Comments on “Finding the complete stance”

A possible concrete example

Kenny 2020-04-06

I think a good class of concrete examples might be programmers working with ‘legacy code’.

I’m currently working with some code that’s not a central or prototypical example of legacy code, but I’ve noticed that all of the same issues of working with legacy code seem to be coming up: ignorance or uncertainty about both how the code works and how it ‘should‘ work.

The former – how the code works (if it does!) – is at least possible to discover – eventually (and maybe just most of the time).

The latter tho sometimes remains nebulous forever (to varying degrees)!

Code is written for people – either ourselves as solo programmers or for some nebulous audience of current collaborators, possible future collaborators, or even other passive readers. And yet there is no fixed meaning inherent in any code! Beyond the nebulosity of human language generally, the meaning of code can be slippery for many other reasons.

Consider a function named addSomething(x) but whose code instead is x * 5. Does the function name imply that its code is incorrect? Or ‘should’ the function’s name have been changed to calculateSomething instead (at some earlier point)? Maybe all the people that ‘matter’, e.g. all of the (other) people that work with that code, already understand that the function addSomething doesn’t ‘naively‘ describe its behavior and its name is understood more as a proper name than a regular ‘phrase’. Interestingly, naming code elements such that the ‘naive’ interpretation (relatively) closely matches its behavior is considered good practice. Unfortunately, there’s no set of fixed ‘naive’ interpretations available for all possible readers of any code. Computer science recognizes all of this as ‘Naming is hard!’.

Dongshan's Five Ranks

Gordon Worley 2020-04-06

I noticed reading this a strong parallel to Dongshan’s Five Ranks and Linji’s Four Measures. Intentional mirroring or natural convergence?

Five Ranks

David Chapman 2020-04-06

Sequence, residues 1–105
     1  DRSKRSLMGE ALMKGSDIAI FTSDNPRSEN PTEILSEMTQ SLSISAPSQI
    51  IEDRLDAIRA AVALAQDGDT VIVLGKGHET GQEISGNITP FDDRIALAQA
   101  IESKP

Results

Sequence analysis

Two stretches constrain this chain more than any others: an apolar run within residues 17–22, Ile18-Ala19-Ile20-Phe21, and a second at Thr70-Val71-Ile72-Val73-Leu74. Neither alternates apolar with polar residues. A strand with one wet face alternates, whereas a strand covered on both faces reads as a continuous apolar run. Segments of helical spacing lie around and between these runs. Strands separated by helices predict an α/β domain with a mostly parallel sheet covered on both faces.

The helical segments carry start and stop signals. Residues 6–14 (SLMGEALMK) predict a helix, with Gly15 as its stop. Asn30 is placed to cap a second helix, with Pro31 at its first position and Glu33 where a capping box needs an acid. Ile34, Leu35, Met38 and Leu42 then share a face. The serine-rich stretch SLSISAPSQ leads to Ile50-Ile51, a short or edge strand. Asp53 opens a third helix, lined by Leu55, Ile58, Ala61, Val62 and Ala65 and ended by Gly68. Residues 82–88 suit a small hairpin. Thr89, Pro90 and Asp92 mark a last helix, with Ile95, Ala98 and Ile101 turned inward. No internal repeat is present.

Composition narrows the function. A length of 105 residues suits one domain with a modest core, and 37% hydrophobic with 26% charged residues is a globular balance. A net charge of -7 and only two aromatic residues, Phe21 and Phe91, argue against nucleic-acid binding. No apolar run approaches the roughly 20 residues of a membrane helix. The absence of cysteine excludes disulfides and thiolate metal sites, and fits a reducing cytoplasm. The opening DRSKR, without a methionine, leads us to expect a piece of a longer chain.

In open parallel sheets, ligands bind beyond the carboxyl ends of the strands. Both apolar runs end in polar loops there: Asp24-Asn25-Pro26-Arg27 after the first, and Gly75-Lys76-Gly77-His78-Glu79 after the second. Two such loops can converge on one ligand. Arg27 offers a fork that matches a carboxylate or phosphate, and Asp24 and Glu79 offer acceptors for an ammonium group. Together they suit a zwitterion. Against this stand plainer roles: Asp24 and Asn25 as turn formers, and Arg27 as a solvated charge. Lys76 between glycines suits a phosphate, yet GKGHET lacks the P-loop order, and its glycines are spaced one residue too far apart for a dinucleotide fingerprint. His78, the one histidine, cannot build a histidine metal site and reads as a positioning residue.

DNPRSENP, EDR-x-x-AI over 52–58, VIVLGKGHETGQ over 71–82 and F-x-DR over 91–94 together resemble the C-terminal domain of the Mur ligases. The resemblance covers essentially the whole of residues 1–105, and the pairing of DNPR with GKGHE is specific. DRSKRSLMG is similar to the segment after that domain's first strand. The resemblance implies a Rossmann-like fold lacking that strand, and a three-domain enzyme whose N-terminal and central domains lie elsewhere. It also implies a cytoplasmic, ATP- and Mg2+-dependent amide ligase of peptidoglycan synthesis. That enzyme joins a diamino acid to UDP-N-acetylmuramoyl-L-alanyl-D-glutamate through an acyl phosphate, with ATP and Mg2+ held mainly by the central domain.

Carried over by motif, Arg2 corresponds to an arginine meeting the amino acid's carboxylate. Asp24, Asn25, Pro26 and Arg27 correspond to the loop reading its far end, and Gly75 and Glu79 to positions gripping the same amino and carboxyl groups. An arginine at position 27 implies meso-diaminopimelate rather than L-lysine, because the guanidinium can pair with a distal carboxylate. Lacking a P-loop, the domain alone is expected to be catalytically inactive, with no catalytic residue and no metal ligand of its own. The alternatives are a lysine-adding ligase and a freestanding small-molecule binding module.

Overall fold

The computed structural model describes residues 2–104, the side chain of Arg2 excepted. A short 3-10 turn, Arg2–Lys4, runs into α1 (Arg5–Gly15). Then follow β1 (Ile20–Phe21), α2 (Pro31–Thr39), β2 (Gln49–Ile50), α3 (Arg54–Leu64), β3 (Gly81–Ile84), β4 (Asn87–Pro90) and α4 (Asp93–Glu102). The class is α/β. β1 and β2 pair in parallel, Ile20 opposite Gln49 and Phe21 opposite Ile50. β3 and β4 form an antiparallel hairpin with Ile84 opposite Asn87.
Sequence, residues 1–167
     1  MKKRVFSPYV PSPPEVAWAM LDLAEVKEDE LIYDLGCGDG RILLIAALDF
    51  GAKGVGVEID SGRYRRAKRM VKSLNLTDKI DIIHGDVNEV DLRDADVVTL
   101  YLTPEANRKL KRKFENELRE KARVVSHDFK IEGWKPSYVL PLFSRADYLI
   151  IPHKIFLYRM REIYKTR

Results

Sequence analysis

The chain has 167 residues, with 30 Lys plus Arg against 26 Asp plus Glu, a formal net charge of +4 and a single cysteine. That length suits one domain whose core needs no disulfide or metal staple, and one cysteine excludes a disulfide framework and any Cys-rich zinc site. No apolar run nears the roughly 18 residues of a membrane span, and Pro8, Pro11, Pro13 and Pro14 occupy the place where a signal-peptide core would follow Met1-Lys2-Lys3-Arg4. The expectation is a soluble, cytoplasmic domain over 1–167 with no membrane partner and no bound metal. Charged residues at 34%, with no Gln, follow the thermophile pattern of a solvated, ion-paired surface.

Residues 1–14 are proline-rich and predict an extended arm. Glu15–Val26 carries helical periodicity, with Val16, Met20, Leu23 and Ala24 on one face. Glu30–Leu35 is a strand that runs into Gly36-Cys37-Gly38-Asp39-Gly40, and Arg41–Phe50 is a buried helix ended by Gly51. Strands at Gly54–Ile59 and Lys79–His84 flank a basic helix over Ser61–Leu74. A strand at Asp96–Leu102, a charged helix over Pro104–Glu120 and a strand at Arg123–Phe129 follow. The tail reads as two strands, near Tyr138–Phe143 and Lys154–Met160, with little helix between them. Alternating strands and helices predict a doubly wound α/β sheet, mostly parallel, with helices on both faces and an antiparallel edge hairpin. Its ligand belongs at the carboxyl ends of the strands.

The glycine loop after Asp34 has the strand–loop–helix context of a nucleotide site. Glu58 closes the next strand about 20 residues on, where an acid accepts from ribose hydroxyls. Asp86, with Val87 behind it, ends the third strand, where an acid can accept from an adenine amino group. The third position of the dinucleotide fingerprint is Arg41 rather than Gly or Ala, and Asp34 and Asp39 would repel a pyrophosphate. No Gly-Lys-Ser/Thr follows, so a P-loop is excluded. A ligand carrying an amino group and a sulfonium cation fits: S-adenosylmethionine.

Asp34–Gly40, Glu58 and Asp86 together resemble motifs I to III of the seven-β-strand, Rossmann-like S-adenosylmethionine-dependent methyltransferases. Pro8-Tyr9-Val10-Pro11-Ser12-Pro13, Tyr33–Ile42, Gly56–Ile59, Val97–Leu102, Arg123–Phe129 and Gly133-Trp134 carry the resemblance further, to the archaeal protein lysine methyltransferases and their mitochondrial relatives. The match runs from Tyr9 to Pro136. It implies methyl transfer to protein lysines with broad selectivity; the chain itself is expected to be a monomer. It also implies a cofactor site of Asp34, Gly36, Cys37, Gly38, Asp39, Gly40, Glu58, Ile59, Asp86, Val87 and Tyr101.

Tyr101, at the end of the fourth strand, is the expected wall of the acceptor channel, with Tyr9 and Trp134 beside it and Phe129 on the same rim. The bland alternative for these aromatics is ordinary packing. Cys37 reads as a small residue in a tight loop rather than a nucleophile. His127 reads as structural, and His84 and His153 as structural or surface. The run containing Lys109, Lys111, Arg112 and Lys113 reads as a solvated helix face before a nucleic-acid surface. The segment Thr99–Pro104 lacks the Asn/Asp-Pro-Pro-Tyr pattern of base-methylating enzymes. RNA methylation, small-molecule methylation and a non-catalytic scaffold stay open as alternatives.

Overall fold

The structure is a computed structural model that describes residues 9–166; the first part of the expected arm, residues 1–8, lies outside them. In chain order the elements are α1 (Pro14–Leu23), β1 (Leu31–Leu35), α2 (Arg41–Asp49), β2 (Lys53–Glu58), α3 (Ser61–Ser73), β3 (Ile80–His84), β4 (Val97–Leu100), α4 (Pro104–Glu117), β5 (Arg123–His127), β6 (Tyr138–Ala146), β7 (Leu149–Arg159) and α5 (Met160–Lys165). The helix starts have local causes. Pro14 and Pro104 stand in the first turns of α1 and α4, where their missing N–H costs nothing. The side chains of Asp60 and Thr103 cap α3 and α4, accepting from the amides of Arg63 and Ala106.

Thanks, I didn’t know about these. (I know very little about Zen.) Couldn’t find anything about the Four Measures in a quick web search; can you point me to that? I agree the Five Ranks seems broadly similar.

The structure of this method closely parallels a sequence in Dzogchen Sem-dé (the Four Naljors). I noticed this only after I’d mostly written it, but I’m very familiar with the sequence. It was probably semi-conscious modeling.

It’s historically well-documented that Dzogchen Sem-dé and Zen mutually influenced each other around the tenth century. So it’s plausible that there’s distant but significant Zen influence on what I wrote here.

On the other hand, it also seems a natural sequence that’s compelled by the nature of the material. Nebulosity/emptiness is unfamiliar, so you have to find it first. Then you have to avoid absolutizing it, which implies recovering the pattern/form aspect, and then recognizing their inseparability. Once you’ve done that, you can act more accurately.

So if you are working with nebulosity/emptiness, maybe there isn’t any other way this can go; it’s the fundamental nature of the business. And maybe I just reinvented, for this page, something that many many people have discovered before.

Four Measures

Gordon Worley 2020-04-06

I’ve actually only read about the four measures in books about Dongshan, so the best I can find is this Google Books link inside a book about Dongshan. It’s probably from Linji’s recorded sayings (a common literature type in Zen mostly made up of sayings, koans, and poems attributed to a teacher but written after their death), which I found an English PDF of here but didn’t search around to find the four measures poem within it.

Both Linji and Dongshan lived in 9th century China, so the timeline matches the theory.

For myself, I think there is a kind of natural convergence in the way of talking about the same reality. I expect many people have found many ways to point towards the same features of the world and our experience of it many times, each expressed in terms fit for their context. As I’m sure you’ve experienced in your practice with Dzogchen and I’ve seen with Zen, many people have difficulty working with those teachings as they are traditionally presented, so finding new ways to say the “same” thing seems quite valuable to me!

The nebulosity of legacy code

David Chapman 2020-04-06

Thanks, yes, that’s an excellent example! There’s going to be few pages about it in The Eggplant.

One really nice post about this is “People don’t write programs”:

The program is written and maintained by a team of scores or even hundreds of programmers at any one time, many more during its entire lifetime; none of them has written “the program.” In a good team, many programmers would have a vague understanding of some significant portion of the system (say, 30-80%) and a thorough understanding of a very small portion of it (5-10%). A programmer doesn’t write a program. She writes a feature — or ten. This feature interacts with the other ten thousand features in the program in ways that are hard for the programmer to predict with precision.